Date of Graduation
Eberly College of Arts and Sciences
Sociology and Anthropology
Lawrence T. Nichols.
Ronald C. Althouse
Historically, the term "bailout" has been used to define the rescuing of an organization in financial distress. A rescue implies that a bailout is voluntary. However, by all accounts, the bailouts in the past nine months have not been voluntary. Media outlets are using the words 'bailout' and 'rescue' interchangeably. Through claims-making and by using the words rescue and bailout interchangeably, the media has socially constructed the word rescue as synonymous with the word bailout and has implied that the bailouts were voluntary and necessary to avert economic disaster and have constructed a social problem. This paper will examine the behavior of the mass media with regard to the federal bailout through a social constructionist approach. It will focus specifically on the overall outcomes of the social constructions of the bailout and compare media coverage before and after the presidential campaign. My examination of the mass media's behavior will compare two print newspapers (the New York Times and the Wall Street Journal) and two national news media outlets (FOX News and MSNBC) that represent both a liberal and a conservative point of view from the time period September 2007 to June 2009.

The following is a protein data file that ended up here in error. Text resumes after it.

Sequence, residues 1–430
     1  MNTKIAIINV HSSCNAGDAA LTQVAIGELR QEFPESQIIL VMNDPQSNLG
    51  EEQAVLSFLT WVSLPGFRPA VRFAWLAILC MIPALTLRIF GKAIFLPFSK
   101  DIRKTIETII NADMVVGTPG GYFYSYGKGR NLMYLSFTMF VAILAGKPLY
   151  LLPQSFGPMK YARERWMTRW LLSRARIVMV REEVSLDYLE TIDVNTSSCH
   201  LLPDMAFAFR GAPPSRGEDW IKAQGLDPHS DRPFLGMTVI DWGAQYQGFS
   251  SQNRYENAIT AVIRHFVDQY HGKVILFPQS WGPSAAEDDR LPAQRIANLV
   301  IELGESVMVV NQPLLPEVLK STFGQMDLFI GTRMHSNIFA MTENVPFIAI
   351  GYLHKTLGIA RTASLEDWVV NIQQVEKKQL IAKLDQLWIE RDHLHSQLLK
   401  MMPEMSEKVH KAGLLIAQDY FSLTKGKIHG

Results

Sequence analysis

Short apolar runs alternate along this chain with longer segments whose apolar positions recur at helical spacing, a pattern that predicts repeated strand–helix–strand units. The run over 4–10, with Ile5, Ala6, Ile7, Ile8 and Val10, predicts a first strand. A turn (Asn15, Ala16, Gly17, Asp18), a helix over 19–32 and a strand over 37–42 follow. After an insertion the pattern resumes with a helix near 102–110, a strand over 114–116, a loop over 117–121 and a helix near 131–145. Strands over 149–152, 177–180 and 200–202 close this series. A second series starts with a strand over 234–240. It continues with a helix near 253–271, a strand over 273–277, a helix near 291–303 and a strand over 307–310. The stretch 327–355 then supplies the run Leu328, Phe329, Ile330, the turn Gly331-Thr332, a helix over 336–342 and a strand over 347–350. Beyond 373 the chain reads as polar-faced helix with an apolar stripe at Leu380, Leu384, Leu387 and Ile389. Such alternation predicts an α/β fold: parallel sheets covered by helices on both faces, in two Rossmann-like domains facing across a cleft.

Hvizdos, Meghan Danielle, "The great American debate: A constructionist approach on the media's coverage of government bailouts" (2010). Graduate Theses, Dissertations, and Problem Reports. 713.